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Turn Your Computer Lab Into a Profit Center!

Struggling to fund a state-of-the-art computer center in your school? Technology expert Jeanne Snyder shares suggestions for creating a computer center that actually makes a profit!

School districts across the country constantly struggle with the costs involved in creating and maintaining state-of-the-art computer labs in their schools. What if, instead of costing money, school computer labs could be designed to make money? Is it possible? Education World Tech Team member Jeanne Snyder thinks so! Snyder believes school computer labs should support themselves, generate profits, and be separate from school districts. "The school computer lab," she told Education World, "should be a communications center, serving as a hub for discovery, exploration, creativity, and learning for the entire community, not just for the school."

"The center," Snyder added, "should be operated by a for-profit or not-for-profit training and computer group and not the school district. In that way, the school would receive leasing money for the space as well as on-site support from trainers and technologists in training. In addition, the school would have a first-class training facility for teachers and students without the problems of networking and equipment depreciation."


"My first step in creating a computer profit center would be to re-name the computer lab the communications center or e-hub," Snyder explained. "I'd stock the room with a mixture of all types of electronic knowledge equipment." She recommends:

  • Twelve computers: $12,000
  • Four video cameras: $400
  • Two digital cameras: $100
  • Scanner: $130
  • Two folding drawing tables: $300
  • Laser printer: $150
  • Color ink jet printer: $100
  • An art and thinking area with pens, pencils and a table: $400
  • Four large round tables for desktop computers and pull-out keyboard trays; three corner tables will also work: $750
  • Digital projector to show off student work and help in class projects: $300
  • Video editing software, like Final Cut Express: $200 per license
  • Video conferencing software (Skype) for remote cast training and classes: Free
  • Extra fold-up chairs for classroom-style training and meetings: $150

Total cost: $15,000.


Snyder, who calls herself "an educational architect with dreams that work," designed this dream lab.

According to Snyder's plan, the physical layout of the lab would optimize student learning during school hours. "The layout of the lab," Snyder noted, "would create conversation clusters that encouraged talking and teamwork. All students would be free to wander around, secure help, or receive 'just in time' training from anyone in the room, including teachers, other students, or volunteers. A large job board on the wall would be used to assign and track student responsibilities, deadlines, projects, and jobs well done.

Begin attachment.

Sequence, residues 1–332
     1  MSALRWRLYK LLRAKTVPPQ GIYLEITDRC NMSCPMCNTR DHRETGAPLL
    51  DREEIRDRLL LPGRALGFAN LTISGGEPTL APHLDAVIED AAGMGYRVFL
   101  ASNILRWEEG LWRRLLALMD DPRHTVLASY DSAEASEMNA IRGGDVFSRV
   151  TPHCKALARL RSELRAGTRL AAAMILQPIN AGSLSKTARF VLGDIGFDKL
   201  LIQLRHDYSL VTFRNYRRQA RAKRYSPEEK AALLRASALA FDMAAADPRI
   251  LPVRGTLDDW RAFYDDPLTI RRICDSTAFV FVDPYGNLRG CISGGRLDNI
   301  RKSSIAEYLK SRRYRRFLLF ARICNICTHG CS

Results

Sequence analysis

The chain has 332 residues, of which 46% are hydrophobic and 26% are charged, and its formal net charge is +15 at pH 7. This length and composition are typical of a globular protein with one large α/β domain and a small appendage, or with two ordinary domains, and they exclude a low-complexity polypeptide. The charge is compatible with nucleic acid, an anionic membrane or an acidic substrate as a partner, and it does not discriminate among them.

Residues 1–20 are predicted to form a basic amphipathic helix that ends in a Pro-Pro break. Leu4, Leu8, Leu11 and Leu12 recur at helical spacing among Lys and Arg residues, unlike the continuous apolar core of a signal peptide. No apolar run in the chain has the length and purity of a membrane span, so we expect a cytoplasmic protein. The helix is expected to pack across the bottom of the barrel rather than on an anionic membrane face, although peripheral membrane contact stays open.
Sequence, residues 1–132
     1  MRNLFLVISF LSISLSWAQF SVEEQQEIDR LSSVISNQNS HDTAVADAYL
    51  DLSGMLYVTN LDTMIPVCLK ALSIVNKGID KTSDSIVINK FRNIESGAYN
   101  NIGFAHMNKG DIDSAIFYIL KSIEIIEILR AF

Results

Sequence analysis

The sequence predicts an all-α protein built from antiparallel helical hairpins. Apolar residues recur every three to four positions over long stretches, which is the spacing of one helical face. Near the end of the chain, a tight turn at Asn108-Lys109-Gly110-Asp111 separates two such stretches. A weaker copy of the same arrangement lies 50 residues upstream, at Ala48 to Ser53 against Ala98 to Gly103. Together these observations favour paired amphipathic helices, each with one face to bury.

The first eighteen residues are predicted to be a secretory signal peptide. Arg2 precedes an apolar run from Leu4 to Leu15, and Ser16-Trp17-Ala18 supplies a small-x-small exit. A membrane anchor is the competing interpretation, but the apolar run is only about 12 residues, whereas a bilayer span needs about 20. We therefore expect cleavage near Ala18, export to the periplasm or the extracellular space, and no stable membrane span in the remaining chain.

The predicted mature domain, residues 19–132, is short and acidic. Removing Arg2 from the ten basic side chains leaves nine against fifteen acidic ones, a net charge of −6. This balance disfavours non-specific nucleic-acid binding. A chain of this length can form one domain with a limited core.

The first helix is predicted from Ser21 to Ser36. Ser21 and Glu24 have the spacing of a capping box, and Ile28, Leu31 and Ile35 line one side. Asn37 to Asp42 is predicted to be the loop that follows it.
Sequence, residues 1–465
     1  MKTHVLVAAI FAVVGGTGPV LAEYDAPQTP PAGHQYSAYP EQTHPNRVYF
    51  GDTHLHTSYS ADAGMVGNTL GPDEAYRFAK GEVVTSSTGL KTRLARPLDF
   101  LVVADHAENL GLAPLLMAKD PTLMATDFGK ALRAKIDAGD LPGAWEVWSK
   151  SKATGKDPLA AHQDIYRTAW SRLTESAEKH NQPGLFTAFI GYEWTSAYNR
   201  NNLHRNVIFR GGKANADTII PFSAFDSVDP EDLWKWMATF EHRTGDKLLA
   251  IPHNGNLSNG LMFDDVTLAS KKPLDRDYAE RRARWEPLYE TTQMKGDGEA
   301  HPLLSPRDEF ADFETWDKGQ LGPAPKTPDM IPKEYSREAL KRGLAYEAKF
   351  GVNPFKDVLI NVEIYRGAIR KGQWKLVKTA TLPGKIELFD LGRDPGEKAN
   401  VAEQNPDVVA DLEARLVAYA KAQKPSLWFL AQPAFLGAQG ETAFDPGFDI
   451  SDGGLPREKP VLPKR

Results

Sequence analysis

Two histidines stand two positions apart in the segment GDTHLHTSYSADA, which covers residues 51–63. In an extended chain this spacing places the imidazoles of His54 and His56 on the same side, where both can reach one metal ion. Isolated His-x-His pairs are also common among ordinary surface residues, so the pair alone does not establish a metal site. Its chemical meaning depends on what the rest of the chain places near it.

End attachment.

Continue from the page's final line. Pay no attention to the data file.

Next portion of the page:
"Students working in the lab would design, create, and maintain all the school's communication needs," Snyder added. Those would include the school Web site, newsletters, parent flyers, multimedia presentations, holiday greetings, family enhancement programs, and special communication projects.


"In addition, during pre-scheduled hours," Snyder continued, "the lab would serve as a small-business incubator, in which owners and employees of small businesses would have access to technology -- and learn with students. That use would provide students with real-life experiences and offer big-business opportunities to small businesses. The lab would also provide businesses and not-for-profit organizations the opportunity to participate in two-way mentoring programs. Students would provide the businesses or organizations with such services as Web sites, flyers, and advertising brochures, and the companies or organizations would provide the school with volunteers willing to teach students about business and careers."

After school, Snyder suggested, the lab could serve as a training facility for the community -- with an outside entrance, so it could open before school and stay open until around 9:00 each night, seven days a week. The lab could then serve as a community enhancement location, providing educational "e-live" programs and chats from around the world.

A small fee could be charged to bring to the community hub quality e-projects such as those Snyder has created, she added. Those programs include Miss Netty's World after-school communication programs; certification and training programs, such as CmomS; and special "e-live" Web casts from all over the world, on topics ranging from pre-natal care to business and financial tips.

"In addition," Snyder said, "online family enhancement programs and games would create fun competition between families and friends across the community and the world. At WhaleNet's tagging program, for example, families or family members can select a dolphin or whale and track its journey. The team whose animal travels farthest in the allotted time wins.

"The list of possible programs," Snyder continued, "is as endless as the imagination of the communication center's community and school enhancement director and staff."

Matching funds from education, community, and government small business loans and grants would help start the program and provide an annual budget for the first three years of operation. However, the lab should be run as a profit center and become self-supporting within three years, Snyder said.

Linda Starr
Education World®
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Updated 11/07/2011